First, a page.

European Policymakers Lock Horns Once More on PRIIPs

July 27, 2020

In the face of its greatest social and economic challenge, last week the EU managed to agree on a historic spending package worth €750 billion to curb the catastrophic economic impacts of the coronavirus pandemic. After almost five days of grueling and intense negotiation, consensus eventually was reached across EU member states on a recovery deal. However, such solidarity and consensus building unfortunately is not always possible across the whole of the EU policy-making spectrum, as the latest flare-up over the packaged retail investment and insurance-based products (PRIIPs) regime testifies. PRIIPS has long been a thorn in the side of European regulatory bodies.   

Last week, the European regulators and the European Commission (the commission) locked horns once more as the controversial rules jumped to the forefront of the financial regulation agenda. The European Supervisory Authorities (ESAs) are a triumvirate of EU regulators who oversee the entire EU capital markets. They are composed of:

  1. European Banking Authority (EBA)
  2. European Securities and Markets Authority (ESMA)
  3. European Insurance and Occupational Pension Authority (EIOPA)

Here’s what happened: last week, the ESAs co-signed a letter to the European Commission (the EU’s political Executive branch) on PRIIPs informing them that they had collectively failed to reach an agreement on a compromise solution aimed at rectifying long standing problems with PRIIPs. The EBA and ESMA had managed to achieve qualified majority support (though not without dissent) but EIOPA didn’t approve the standards at all. Therefore, they were “not in a position to formally submit” a final proposal to the Commission.

Unique Situation

With the entire PRIIPs regime in limbo, the question whether a full rewrite of the rules is needed - rather than tinkering at the edges – once more rises to the fore. This is the first time the ESAs have failed to endorse their own suggested technical standards and it puts the PRIIPs ball well and truly back in the Commission’s court. Throughout the PRIIPs review process, and in the face of vocal industry feedback regarding performance disclosures, the Commission has to date staunchly defended the regulations and resisted calls for a more comprehensive overhaul. These circular arguments, however, cannot continue indefinitely, and with PRIIPs due to be applied to UCITS funds across Europe, the issue must be concluded at some point whether through Level 1 amendments (a total legislative overhaul of PRIIPs) or through targeted concessions by the Commission. The stalemate must be broken by one of these means.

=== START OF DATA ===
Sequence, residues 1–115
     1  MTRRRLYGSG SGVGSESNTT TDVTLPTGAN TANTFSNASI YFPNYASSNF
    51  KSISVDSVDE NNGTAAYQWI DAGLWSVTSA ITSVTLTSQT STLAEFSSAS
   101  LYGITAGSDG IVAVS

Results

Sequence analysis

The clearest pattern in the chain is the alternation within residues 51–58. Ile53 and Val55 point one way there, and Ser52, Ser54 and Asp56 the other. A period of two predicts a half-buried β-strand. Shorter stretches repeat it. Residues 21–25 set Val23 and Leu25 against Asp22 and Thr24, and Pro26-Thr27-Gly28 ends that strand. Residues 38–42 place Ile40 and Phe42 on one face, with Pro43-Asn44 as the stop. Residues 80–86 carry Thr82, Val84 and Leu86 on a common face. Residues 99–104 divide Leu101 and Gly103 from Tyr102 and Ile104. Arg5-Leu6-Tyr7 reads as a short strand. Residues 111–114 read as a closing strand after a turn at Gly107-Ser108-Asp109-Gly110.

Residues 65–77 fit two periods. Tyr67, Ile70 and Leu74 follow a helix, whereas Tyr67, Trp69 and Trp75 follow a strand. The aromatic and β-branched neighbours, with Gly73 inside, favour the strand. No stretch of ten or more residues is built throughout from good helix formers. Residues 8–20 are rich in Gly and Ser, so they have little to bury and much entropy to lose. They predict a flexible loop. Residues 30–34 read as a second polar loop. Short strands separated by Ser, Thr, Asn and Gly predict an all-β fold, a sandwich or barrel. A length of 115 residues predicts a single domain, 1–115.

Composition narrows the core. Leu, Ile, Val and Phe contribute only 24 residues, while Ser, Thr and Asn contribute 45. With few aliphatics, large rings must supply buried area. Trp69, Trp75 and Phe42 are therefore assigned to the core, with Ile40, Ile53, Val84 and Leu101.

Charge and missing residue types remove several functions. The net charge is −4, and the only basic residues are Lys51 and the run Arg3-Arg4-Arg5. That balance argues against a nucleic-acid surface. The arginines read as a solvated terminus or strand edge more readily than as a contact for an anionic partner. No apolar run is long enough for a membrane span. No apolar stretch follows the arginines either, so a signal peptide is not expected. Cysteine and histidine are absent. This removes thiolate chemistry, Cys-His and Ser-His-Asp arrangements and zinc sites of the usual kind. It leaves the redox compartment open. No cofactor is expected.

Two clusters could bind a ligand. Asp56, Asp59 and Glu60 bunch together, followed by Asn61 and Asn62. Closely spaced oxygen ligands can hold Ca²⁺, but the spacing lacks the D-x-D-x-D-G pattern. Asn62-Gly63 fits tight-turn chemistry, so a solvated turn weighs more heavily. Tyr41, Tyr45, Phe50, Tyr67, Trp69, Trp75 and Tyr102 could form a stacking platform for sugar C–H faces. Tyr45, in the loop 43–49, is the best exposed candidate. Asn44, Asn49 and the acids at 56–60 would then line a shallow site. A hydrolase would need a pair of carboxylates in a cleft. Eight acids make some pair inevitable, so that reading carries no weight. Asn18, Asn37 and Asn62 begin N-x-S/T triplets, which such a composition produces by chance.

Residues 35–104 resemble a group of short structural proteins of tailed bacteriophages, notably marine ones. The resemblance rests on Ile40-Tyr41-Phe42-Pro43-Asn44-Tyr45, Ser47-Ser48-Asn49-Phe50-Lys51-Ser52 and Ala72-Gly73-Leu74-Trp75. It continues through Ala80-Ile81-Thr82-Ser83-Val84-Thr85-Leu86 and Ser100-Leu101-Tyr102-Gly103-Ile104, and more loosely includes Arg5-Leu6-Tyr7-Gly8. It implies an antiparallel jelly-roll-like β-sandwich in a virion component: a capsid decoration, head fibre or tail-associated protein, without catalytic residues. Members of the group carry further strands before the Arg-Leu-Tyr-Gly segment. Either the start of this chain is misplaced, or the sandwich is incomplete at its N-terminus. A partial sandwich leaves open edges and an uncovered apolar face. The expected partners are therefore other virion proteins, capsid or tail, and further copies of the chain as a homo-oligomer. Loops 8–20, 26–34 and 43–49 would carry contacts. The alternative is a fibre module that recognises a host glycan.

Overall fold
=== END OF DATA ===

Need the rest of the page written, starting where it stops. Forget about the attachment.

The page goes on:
The outstanding bones of contention are not new: issues relating to currently prescribed forward-looking projections  as opposed to historic performance disclosure at the center of the disagreement. The current and proposed rules require fund providers to publish projections of future performance in different market conditions. Opponents claim the projections are unreliable and suggest excessively optimistic outcomes. As a result, there is a strong preference to also use historic performance disclosures, since the formula used for the future projections have created much uncertainty and anxiety already across industry and with investors. 

There remains a cohort of ESA Board members who have stated that they would prefer the past performance graph currently utilized within UCITS key investor information documents (KIID) to be included in the PRIIPs Key Investor Document (KID), rather than in a separate publication. The ESA letter strongly reiterates the historical performance point. This remains the primary stumbling block preventing a PRIIPs consensus. A previous ESA proposal to allow funds to publish historical scenarios based on past performance data was already rejected by the European Commission who felt such a move was fundamentally opposed to the original objective of the PRIIPs legislation.

Consensus, Stalemate, or Start Again?

This is where I would normally suggest what the next steps are, or the most likely outcome. As alluded to above, however, this is PRIIPs - the real problem child of EU regulation - and it’s difficult to ascertain what comes next. The commission must now consider the letter carefully before discussing once more with the ESAs. The options at their disposal appear to be threefold (with one not really an option at all):

  1. Row back on the Commission’s prior position on historic performance disclosures and bring the PRIIPs saga to an end;
  2. Concede that consensus is not possible through revision of existing technical standards and request a full legislative overhaul of PRIIPs through Level 1 legal revisions.
  3. Request the ESAs once more reconsider the Regulatory Technical Standards – which leaves PRIIPs in limbo.

The only thing that appears certain about PRIIPs is that I will at some point be doing another blog on this seemingly never-ending regulatory saga.

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